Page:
Stuck with clinic duty, House almost wishes he had the boring patients back after he encounters a young woman with an STD and the need to talk.


(as Juan J. Campanella)


(created by),

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Episode cast overview, first billed only:
Older Man
Marco Pelaez ...
Hiccupping Patient
Dr. Stone
Patient #1
Patient #3
Roger Ainslie ...
Nose Patient
Kristen Glass ...
Beautiful Woman

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Stuck with clinic duty, House almost wishes he had the boring patients back after he encounters a young woman with an STD and the need to talk.

Plot Summary | Add Synopsis


Drama | Mystery


TV-14 | See all certifications »

Parents Guide:





Release Date:

30 January 2007 (USA)  »

Company Credits

Show detailed on  »

Technical Specs


Sound Mix:


Aspect Ratio:

1.78 : 1
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Did You Know?


When a patient awakes after overdosing on pills, House is seen playing a Playstation Portable, presumably the one Adam gave him at the end of "Lines in the Sand" See more »


In the scene in which House talks to Wilson in Wilson's office he keeps touching his forehead with the handle of his cane. However, in the shots taken from behind House with Wilson's desk in view, his forehead touches the backside of the cane's handle. In the far shots from Wilson's desk the cane is suddenly turned around and House's forehead touches the front of the handle. See more »


Dr. Wilson: [to House] Are we role-playing? Am I you? I don't want to be you.
See more »


References ABC Afterschool Specials (1972) See more »


Grey Room
Performed by Damien Rice
See more »

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User Reviews

Don't listen to the closed minded reviews.
2 January 2016 | by See all my reviews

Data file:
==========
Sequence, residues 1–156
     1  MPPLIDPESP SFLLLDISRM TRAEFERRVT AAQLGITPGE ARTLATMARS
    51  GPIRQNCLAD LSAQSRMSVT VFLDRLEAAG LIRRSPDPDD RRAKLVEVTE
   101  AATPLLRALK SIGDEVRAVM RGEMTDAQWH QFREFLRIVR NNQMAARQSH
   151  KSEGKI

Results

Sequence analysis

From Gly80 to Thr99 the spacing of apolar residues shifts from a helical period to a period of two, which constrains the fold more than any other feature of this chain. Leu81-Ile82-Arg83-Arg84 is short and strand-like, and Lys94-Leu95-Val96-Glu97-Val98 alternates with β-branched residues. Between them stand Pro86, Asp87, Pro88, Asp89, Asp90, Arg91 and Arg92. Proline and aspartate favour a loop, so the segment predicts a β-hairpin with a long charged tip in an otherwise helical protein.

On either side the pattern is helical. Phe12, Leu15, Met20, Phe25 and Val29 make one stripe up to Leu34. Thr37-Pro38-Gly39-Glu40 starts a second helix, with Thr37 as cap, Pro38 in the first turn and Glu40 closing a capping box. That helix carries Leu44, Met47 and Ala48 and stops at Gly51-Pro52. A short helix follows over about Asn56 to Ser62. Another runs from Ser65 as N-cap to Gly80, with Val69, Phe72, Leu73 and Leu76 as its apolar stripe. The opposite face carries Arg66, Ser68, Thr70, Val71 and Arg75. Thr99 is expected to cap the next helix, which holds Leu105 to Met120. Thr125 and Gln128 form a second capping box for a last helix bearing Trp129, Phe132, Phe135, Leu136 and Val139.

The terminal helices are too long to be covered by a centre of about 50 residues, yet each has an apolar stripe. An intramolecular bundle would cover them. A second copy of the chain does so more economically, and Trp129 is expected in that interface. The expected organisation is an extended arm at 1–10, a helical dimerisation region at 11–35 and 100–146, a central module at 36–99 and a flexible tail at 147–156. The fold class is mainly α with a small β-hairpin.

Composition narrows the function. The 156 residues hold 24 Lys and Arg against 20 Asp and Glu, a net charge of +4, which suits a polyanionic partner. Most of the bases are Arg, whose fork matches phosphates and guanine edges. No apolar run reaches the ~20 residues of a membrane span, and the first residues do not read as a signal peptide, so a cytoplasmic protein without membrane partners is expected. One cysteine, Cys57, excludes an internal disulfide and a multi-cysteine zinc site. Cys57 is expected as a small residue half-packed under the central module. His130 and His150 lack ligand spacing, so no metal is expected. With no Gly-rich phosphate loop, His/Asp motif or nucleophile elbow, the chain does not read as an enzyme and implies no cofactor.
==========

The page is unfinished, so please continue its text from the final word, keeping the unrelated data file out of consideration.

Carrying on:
This is really a rare and exceptional episode amongst a series of great episodes.

People are too busy generalizing the characters to notice that this episode really highlights more on philosophy and how it relates to human perspective. More-so than the usual House episodes focusing on atheism every now and then. There is a character with a counter- argument. Are there moments where the episode highlights the base characters of Chase, Cameron and Foreman? Sure. But it does that for a reason. There is a reason it's obvious like that. Ask why? What is the context this time? Why are they doing that?

What people seem to miss is the puzzle in this one. Of course there is no physical puzzle for House to solve. But there is a puzzle still there. So he has to learn how to do that.

There is also a great use of contrast in this episode, with humor, in difference to the obviously dark main topic.

There's tons of episodes of House curing someone's rare ambiguous affliction. But this episode is one of a kind.

Less is more, in this episode. But if you're actually paying attention, there is a ton of detail, depth, philosophy, and a great examination of the human condition.

It's a shame all these negative reviews put a damper on this episode. They really have no clue. They are entitled to their opinion, but it's obvious they missed the point of this episode, and it skewed their opinion. Sorry, but it's true...

4 of 6 people found this review helpful.  Was this review helpful to you?

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